General Science eBook

This eBook from the Gutenberg Project consists of approximately 287 pages of information about General Science.

65.  Destructive Action of Water.  The action of water in stream and sea, in springs and wells, is evident to all; but the activity of ground water—­that is, rain water which sinks into the soil and remains there—­is little known in general.  The real activity of ground water is due to its great solvent power; every time we put sugar into tea or soap into water we are using water as a solvent.  When rain falls, it dissolves substances floating in the atmosphere, and when it sinks into the ground and becomes ground water, it dissolves material out of the rock which it encounters (Fig. 30).  We know that water contains some mineral matter, because kettles in which water is boiled acquire in a short time a crust or coating on the inside.  This crust is due to the accumulation in the kettle of mineral matter which was in solution in the water, but which was left behind when the water evaporated. (See Section 25.)

[Illustration:  FIG. 30.—­Showing how caves and holes are formed by the solvent action of water.]

The amount of dissolved mineral matter present in some wells and springs is surprisingly great; the famous springs of Bath, England, contain so much mineral matter in solution, that a column 9 feet in diameter and 140 feet high could be built out of the mineral matter contained in the water consumed yearly by the townspeople.

[Illustration:  FIG. 31.—­The work of water as a solvent.]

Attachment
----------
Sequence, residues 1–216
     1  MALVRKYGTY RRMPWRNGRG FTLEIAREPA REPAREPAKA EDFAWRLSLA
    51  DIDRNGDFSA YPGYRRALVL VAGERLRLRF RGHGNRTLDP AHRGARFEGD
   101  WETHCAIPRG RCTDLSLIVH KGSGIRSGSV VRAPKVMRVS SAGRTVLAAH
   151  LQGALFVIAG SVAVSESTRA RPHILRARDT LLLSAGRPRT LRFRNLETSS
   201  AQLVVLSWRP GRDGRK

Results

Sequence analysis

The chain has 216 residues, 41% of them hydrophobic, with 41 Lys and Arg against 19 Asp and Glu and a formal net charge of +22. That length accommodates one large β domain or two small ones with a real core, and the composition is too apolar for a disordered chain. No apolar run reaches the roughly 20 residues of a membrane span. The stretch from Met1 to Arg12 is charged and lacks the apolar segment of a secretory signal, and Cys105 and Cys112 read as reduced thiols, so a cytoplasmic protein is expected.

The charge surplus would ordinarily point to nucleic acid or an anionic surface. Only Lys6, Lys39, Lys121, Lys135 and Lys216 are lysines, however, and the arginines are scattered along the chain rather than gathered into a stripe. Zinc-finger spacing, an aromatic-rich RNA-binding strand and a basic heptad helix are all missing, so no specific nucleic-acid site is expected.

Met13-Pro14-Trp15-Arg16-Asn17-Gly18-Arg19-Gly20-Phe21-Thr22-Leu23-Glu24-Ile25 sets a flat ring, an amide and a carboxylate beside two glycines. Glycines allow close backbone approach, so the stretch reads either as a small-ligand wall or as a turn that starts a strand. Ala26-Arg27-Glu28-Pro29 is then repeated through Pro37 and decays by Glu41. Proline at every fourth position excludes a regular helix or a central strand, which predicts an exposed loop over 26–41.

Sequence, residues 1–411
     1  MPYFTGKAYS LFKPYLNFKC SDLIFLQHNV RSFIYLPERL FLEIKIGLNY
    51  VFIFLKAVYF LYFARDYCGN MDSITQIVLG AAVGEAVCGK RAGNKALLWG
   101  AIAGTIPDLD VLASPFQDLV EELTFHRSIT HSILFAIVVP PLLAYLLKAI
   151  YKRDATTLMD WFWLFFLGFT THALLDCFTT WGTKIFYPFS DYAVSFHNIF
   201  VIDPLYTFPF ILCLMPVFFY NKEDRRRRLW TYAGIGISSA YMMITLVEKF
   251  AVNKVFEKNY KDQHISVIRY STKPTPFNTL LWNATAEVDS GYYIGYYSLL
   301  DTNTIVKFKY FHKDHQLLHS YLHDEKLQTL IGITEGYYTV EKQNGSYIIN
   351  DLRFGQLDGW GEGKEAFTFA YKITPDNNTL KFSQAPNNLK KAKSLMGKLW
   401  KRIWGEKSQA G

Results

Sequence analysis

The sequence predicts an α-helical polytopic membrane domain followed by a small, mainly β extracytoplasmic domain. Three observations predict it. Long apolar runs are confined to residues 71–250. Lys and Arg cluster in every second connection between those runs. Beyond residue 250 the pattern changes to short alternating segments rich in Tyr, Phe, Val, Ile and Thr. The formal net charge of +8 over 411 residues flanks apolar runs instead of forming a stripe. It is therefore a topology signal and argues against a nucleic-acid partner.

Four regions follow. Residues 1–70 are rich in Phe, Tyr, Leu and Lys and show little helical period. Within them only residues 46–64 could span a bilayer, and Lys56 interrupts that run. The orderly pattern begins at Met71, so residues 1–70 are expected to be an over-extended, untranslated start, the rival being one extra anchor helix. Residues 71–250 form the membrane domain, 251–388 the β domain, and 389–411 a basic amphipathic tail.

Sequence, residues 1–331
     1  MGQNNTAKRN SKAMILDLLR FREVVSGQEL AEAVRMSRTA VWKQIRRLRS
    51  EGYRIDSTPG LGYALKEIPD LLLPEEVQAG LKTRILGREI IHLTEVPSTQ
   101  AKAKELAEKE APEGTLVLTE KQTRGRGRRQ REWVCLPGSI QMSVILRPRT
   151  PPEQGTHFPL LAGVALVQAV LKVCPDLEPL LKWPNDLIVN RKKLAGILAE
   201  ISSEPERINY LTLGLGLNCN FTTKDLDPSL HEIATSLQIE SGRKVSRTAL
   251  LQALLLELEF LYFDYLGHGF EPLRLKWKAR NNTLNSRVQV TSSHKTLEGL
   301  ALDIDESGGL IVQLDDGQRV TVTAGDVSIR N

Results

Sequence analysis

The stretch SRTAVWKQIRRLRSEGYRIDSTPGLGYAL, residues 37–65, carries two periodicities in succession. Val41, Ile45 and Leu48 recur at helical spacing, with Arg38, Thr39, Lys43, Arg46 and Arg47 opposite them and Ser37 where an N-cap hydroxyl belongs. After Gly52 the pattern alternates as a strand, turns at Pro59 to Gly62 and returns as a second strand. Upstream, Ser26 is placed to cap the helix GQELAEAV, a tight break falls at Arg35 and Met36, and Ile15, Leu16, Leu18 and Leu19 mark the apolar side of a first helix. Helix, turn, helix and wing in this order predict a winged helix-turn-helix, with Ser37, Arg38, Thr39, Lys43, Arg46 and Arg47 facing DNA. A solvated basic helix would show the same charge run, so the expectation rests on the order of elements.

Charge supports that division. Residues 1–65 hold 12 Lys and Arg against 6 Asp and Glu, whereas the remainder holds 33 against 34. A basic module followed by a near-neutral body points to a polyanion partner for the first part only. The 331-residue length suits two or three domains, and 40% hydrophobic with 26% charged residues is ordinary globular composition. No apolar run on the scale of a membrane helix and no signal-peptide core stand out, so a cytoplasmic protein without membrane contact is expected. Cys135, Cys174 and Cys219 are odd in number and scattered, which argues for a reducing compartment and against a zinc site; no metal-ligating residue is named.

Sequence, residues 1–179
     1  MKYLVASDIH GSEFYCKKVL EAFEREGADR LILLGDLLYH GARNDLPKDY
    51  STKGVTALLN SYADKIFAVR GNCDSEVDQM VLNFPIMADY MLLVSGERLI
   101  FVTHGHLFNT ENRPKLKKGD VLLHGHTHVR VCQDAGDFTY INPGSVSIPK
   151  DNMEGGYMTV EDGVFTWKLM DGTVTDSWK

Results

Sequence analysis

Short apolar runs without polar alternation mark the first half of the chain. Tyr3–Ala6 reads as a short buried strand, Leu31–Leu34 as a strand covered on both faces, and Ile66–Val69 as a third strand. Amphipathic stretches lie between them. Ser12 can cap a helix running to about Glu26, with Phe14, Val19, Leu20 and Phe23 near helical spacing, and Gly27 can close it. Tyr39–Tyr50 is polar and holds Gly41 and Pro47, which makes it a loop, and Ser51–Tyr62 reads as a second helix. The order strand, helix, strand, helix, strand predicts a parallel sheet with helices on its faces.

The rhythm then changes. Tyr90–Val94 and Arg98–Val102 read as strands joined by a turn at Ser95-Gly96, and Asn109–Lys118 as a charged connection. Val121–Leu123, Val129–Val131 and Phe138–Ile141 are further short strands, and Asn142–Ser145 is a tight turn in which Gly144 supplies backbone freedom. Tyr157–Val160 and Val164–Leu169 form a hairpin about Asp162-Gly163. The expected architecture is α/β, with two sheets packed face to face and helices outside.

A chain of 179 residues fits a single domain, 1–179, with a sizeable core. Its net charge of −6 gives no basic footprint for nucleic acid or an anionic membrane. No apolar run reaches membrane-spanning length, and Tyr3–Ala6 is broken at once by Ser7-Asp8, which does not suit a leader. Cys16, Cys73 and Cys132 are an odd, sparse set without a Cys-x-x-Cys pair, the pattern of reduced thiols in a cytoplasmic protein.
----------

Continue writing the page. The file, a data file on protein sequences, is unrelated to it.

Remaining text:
Rocks and minerals are not all equally soluble in water; some are so little soluble that it is years before any change becomes apparent, and the substances are said to be insoluble, yet in reality they are slowly dissolving.  Other rocks, like limestone, are so readily soluble in water that from the small pores and cavities eaten out by the water, there may develop in long centuries, caves and caverns (Fig. 30).  Most rock, like granite, contains several substances, some of which are readily soluble and others of which are not readily soluble; in such rocks a peculiar appearance is presented, due to the rapid disappearance of the soluble substance, and the persistence of the more resistant substance (Fig. 31).

We see that the solvent power of water is constantly causing changes, dissolving some mineral substances, and leaving others practically untouched; eating out crevices of various shapes and sizes, and by gradual solution through unnumbered years enlarging these crevices into wonderful caves, such as the Mammoth Cave of Kentucky.

66.  Constructive Action of Water.  Water does not always act as a destructive agent; what it breaks down in one place it builds up in another.  It does this by means of precipitation.  Water dissolves salt, and also dissolves lead nitrate, but if a salt solution is mixed with a lead nitrate solution, a solid white substance is formed in the water (Fig. 32).  This formation of a solid substance from the mingling of two liquids is called precipitation; such a process occurs daily in the rocks beneath the surface of the earth. (See Laboratory Manual.)

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